“ “They have incredible stamina. A pack of wild boys can cover fifty miles a day. A handful of dates and a lump of brown sugar washed down with a cup of water keep them moving like that. The noise they make just before they charge…well I’ve seen it shatter a greenhouse fifty yards away. Let me show you what a wild boy charge is like” He led the way into the projection room. “These are actual films of course but I have arranged them in narrative sequence” ”
William S. Burroughs – The Wild Boys (1969)
Some footage I took just next to my house (all approximately within a 500m radius) at about 19:00 on Thursday night, 29th March arranged in narrative sequence.
Vaga General 29-M part 01 from Christopher Mann on Vimeo.
Vaga General 29-M Part 02 from Christopher Mann on Vimeo.
The Vaga General or General Strike was called by the syndicates as a protest against both the continuing implementation of more and more severe austerity measures as well as the governments proposed new employment legislation that will further empower employers and facilitate sacking processes while minimising the subsequent payout. This is apparently supposed to boost a labour market already plagued by 23% unemployment . The timing of the strike was the day before the right wing Partido Popular (PP; People’s Party) announced the new budget, much of which is designed to placate European demands and avoid a Greek-style bailout.
While the videos would suggest anarchy and the rule of violence, careful observation will also show the opposite: families, mothers with children walking down the garbage-laden streets close to the action in relative tranquillity. Direct conflict with the police was orchestrated by few (two of which, presumably, can be seen parading through the crowd in hoods and with lower face masked) although the effects were astounding. While not condoning the violence in any way, it seems that the intense frustration brimming over in a largely unemployed population growing more and more restless and more and more uncertain has only recourse to make themselves heard and that is most certainly not democracy. Those who did vote PP at the national level late last year may regret the heavy handed way they have blustered into government, using the crisis as a kind of “shock therapy” to push forward their unnecessary and draconian measures that will never be rescinded and will only benefit the entrepreneur.
While cutting bloated government debts is admirable, it is also suicidal to do so in a cold and numerical way at a time like a puppet state run from Brussels (ie Paris and Berlin) when people need jobs; when the market needs stimulation; and when new methods of governing and economic management, particularly relating to transparency and sustainability, have been called for by the Indignados. It is an irony in itself that the police forces have faced their own “recortes” (cuts) and yet still fight on for a political system that is haemorrhaging more every day. Perhaps they fight on because their opposition are essentially only Wild Boys, for the moment, Okupa groups and more extreme radicals, and not, in a sense the general population? Time will tell, but the history of Spain already tells this story and hopefully we will not need a sequel.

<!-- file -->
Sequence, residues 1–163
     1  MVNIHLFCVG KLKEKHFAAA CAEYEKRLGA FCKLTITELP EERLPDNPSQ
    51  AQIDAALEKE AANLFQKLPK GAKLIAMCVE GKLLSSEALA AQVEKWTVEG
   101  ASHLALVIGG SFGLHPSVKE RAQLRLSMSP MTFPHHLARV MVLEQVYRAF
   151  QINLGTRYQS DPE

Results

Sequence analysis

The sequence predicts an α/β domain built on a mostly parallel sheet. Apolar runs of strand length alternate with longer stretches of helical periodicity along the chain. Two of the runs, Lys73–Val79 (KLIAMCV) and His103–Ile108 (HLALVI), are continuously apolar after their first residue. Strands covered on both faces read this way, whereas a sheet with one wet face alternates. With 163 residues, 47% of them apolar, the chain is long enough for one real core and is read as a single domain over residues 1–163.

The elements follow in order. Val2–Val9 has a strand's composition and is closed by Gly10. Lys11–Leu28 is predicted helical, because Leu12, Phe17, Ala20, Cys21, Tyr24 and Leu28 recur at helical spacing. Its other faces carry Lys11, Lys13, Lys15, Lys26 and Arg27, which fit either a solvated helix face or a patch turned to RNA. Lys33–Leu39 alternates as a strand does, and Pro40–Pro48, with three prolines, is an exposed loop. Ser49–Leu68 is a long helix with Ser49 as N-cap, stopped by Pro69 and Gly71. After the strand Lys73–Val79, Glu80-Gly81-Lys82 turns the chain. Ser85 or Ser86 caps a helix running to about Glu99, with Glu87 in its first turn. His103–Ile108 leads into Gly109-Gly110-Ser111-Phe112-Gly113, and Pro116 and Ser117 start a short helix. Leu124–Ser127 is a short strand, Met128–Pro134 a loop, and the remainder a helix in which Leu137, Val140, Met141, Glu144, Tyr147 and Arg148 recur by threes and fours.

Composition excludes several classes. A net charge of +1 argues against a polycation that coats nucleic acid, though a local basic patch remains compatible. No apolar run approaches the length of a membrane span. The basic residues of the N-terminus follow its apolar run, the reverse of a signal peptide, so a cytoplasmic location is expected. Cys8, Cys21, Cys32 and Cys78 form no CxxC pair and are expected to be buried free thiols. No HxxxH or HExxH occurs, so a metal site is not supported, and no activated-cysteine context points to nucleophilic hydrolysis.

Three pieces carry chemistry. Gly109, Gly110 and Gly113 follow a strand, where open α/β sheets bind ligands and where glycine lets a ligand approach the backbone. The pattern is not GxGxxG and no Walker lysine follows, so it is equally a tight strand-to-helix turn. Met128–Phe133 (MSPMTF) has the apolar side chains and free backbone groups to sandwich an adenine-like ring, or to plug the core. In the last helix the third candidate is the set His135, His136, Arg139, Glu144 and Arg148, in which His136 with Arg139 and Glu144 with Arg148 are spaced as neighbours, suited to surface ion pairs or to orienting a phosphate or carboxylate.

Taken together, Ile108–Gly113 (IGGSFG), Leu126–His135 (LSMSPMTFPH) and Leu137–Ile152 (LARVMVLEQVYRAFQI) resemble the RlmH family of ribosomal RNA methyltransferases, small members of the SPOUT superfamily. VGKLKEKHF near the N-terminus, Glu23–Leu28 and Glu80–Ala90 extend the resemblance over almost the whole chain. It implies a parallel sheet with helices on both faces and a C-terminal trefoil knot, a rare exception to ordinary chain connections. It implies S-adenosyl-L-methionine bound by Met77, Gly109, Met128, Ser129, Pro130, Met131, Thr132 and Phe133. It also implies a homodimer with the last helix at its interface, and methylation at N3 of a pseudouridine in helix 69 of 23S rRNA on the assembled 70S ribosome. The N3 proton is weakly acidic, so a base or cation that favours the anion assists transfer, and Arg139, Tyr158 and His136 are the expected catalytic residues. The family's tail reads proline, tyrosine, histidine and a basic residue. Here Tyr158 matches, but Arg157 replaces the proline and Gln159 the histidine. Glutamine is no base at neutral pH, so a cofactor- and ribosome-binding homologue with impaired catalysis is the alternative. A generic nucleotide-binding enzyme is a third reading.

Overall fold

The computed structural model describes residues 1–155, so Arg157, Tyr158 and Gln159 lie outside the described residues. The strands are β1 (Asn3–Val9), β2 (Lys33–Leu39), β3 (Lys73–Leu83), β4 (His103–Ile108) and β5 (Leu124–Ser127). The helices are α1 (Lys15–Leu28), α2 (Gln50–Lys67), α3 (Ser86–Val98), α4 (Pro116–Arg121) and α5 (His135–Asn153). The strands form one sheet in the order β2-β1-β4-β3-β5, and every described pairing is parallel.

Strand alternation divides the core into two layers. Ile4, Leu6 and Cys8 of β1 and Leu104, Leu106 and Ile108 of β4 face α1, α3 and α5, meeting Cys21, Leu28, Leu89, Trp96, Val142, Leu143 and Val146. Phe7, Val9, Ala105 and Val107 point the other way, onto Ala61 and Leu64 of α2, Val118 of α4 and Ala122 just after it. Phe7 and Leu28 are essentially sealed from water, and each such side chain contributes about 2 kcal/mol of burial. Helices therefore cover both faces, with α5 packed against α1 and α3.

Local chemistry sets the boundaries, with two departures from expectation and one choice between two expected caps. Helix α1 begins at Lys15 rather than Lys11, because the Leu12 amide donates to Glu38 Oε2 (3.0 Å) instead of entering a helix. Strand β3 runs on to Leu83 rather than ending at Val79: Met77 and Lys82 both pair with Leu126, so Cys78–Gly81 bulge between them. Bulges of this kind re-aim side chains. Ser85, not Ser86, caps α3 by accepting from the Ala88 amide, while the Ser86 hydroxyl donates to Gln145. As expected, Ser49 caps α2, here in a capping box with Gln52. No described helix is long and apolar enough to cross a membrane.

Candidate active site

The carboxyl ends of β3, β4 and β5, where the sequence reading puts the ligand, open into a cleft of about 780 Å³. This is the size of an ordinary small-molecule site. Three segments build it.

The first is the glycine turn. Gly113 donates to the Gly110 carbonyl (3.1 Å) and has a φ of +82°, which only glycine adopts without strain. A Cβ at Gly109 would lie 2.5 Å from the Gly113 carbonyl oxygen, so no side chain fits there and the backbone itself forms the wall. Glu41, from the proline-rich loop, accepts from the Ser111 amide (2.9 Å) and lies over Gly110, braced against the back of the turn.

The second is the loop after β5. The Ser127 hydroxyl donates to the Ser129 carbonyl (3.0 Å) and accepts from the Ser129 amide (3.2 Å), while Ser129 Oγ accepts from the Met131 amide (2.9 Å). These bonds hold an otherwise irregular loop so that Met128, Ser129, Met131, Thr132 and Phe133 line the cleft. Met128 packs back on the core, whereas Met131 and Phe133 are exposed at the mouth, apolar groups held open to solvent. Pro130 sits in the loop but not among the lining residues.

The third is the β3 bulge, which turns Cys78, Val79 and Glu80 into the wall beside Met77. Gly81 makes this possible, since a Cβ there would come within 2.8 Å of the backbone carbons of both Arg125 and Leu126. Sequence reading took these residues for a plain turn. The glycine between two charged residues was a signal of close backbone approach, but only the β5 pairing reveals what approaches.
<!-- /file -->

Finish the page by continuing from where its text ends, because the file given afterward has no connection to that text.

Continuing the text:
I say Wild Boys as by coincidence I finished William S. Burroughs novel of the same name this week. The dystopian mood, the nonchalant sexuality and the rebellious, anti-systemic violence are the major themes, told of course in Burroughs mind bending cut-up style. The Wild Boys, it must be said, is still one of Burroughs’ more accessible novels despite the technique.
“Tio Mate Smiles” represents the first chapter of the book, set in Mexico, but introducing in the first words one of the images and themes that will run through the book: the editing of film and by extension, the editing of memory and information.
The chapter “The Wild Boys” quoted above returns to the theme of films, image and editing and evokes images of the riots plaguing Barcelona on the 29th March. The original setting is the north of Africa in Morocco and features a somewhat more sinister battle with CIA controlled forces that erupt into homosexual rituals once victory is ensured.
Australian music video director Russel Mulchay had once planned to make a film version of the novel, which never came to fruition, although it did give rise to the long video clip for Duran Duran’s 1984 hit of the same name.
Primal Scream’s “Exterminator” from the album of the same name (after adding vowels) also gives plenty of reference to Burroughs in the lyrics, as well as reflecting again the street scenes in Barcelona.
“Exterminate the underclass
Exterminate the telepaths
Control violence hallucinatory programmes
Septicaemic interzone, psychic distortions
Satellite sickness TV junk
No civil disobedience
No civil disobedience ”